Those of us who adhere to a broader view of evolution are called "pluralists" because we we consider several different mechanisms of evolution and several different levels of evolutionary change.

Jim Lennox is a philosopher. He has written a revised version of the "Darwinism" entry in Stanford Encyclopedia of Philosophy [Darwinism]. Now we all know that philosophers can be wordy, if it can be said by a normal person in two paragraphs then a philosopher can't possible write anything less than a small book. However, at the very least you expect to see a conclusion that makes sense. Is "Darwinism" a viable position in the 21st century? What does "pluralism" mean?

And wouldn't you expect a serious discussion of adaptationism and how it relates to Darwinism? I would.

Read the entry and see if you can decide whether "Darwinism" is a good synonym for "evolution."


[Hat Tip: John Wilkins]

Monday, January 18, 2010

Epigenetics and the Calico Cat

 
This is our friendly calico cat. She lives on the farm where we are staying. Almost all calico cats are female—do you know why? It has something to do with epigenetics.

See: Calico Cats—it's one of my most popular postings.

Can anyone explain how some very rare calico cats might be male?


[Photo by Ms. Sandwalk]

Name This Tree

 
Seriously, what kind of tree is this? It grows in Belgium.



[Photo by Ms. Sandwalk]

Who Does This Remind You Of?

 



[Photo by Ms. Sandwalk]

Monday, January 11, 2010

Herent Belgium

 
We're staying in a town called Herent, in Belgium. Our apartment is in a renovated manor house on a working farm (goats, chickens, ponies, cat).

Herent is a few kilometers north of Leuvan and only 20 minutes from Jane, Michael and our new granddaughter Zoë.

It's an easy drive back and forth except for the snow and Belgium drivers. Today we're off to our first babysitting job!!!!






Wednesday, January 06, 2010

Critical Thinking

 
Phil Plait of Bad Astronomy posted this video from QualiaSoup. It's one of the best descriptions of critical thinking I've ever seen. Critical thinking is what we're supposed to be teaching our students in school and university.

We're not doing a very good job.




Homeopathy and Avogadro's Number

 
Avogadro's Number, or it's more modern equivalent, Avogadro's Constant, is 6.022 × 1023 mol-1.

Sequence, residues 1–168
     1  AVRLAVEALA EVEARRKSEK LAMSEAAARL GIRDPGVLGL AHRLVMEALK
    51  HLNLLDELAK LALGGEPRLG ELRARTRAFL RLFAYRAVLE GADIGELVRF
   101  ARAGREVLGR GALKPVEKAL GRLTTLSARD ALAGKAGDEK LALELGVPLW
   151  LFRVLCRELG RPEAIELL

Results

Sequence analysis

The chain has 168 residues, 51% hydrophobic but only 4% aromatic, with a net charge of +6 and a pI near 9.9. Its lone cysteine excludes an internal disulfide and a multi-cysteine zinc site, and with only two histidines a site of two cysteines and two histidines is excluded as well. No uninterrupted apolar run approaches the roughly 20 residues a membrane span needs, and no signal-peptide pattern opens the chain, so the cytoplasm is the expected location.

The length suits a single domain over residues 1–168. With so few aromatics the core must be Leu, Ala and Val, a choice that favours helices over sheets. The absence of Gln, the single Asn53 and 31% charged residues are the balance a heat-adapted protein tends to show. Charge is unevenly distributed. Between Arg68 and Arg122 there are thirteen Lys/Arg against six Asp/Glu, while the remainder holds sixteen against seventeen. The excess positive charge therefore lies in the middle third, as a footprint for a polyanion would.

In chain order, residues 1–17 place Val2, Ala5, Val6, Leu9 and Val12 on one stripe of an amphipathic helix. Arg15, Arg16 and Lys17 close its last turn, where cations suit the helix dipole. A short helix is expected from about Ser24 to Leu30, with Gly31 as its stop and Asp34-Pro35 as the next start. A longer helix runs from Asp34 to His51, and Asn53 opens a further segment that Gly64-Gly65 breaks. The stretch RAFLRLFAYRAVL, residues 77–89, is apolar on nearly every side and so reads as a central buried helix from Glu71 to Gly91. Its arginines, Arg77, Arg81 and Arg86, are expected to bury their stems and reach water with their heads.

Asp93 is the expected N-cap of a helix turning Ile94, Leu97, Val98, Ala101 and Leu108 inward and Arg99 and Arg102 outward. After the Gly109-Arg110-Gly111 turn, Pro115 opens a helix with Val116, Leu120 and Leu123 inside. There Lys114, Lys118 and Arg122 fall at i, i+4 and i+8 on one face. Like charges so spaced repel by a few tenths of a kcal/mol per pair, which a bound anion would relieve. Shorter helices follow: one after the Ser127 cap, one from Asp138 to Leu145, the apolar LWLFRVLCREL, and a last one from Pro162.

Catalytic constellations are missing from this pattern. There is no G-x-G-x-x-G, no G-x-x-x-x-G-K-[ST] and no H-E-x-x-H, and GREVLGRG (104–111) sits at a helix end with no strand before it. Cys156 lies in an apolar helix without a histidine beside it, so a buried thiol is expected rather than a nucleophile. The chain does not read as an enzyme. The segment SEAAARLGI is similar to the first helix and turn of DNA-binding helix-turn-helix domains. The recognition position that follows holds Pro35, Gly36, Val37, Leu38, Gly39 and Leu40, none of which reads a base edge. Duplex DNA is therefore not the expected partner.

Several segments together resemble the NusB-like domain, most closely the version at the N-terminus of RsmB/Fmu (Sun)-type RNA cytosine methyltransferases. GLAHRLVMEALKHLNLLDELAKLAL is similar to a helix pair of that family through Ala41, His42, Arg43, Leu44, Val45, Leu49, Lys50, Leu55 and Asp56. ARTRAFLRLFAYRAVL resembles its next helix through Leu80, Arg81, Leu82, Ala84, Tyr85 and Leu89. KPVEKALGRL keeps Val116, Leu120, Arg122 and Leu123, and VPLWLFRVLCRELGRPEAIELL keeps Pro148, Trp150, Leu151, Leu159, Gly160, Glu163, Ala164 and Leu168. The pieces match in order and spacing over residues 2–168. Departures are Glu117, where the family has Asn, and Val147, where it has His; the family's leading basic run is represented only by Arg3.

There's a new website called "Homeopathy: There's nothing in it" that explains why Avogadro's Number is important in understanding why homeopathy is a fraud.


[Hat Tip: Phil Plait]

Zoë Jane



This is my new granddaughter, Zoë Jane. Congratulations to my daughter Jane and her husband Michael. In a few hours we'll be flying to Paris then taking a train to Brussels to visit them. Meanwhile, there are more pictures at The First Picture's on Ms. Sandwalk's blog and a video of her first bath on Jane and Michael's blog [Zoë's First Bath].


Sunday, January 03, 2010

The Key Darwin and Design Science News Stories of the Year

 
The people at Access Research Network have compiled a list of the best stories of 2009. These are stories that lend support to the idea that God exists and that he plays an important role in creation of the universe.

The stories are supposed to fall into two categories; anti-science stories that cast doubt on modern scientific explanations, and stories about evidence supporting intelligent design creationism.

Here's the list from: “The Key Darwin and Design Science News Stories of the Year”. Judge for yourselves how many fall into each of the two categories.

  1. The Modern Synthesis is Gone
  2. Cell Motors Work in Concert
  3. Early Large Galaxies Stun Cosmologists
  4. The Ida Hype and Bust
  5. Walking White Blood Cells
  6. Signature in the Cell
  7. Cells Use Cloud Computing
  8. Peppered Moths Oscillates Back to Gray
  9. Reverse Engineering Biological Designs
  10. Cambrian Explosion Continues to Challenge Materialistic Theories
  11. The Collectivist Revolution in Biology
  12. Failed Assault on Irreducible Complexity
  13. Intelligent Input Required for Life
  14. The Edge of Evolution Confirmed
  15. The Ardi Hype and Bust



Communicating Science

 
The primary goal of science writers and science journalists is to be effective communicators of science. However, they have had little impact on the general public over the past few decades since the level of science literacy has barely budged.

Most citizens have little idea of how science works and many reject outright the basic fundamentals of science.

Having failed to achieve their goal, and finding themselves irrelevant when it comes to making a profit (largely because of their own failure), they are now looking for someone to blame. Chris Mooney has decided to blame scientists for not being science journalists. See his latest contribution at On issues like global warming and evolution, scientists need to speak up. He doesn't really mean "speak up" as scientists, of course. What he means is that scientists should learn how to "frame" and fudge their position in order to please the general public. Making friends with theists and promoting religious scientists is supposed to help.

What's interesting about this debate is that science writers like Chris Mooney are convinced they know how to teach the general public in spite of the fact that science writers—as a profession—have not been successful in the past.

Why should scientist listen to them?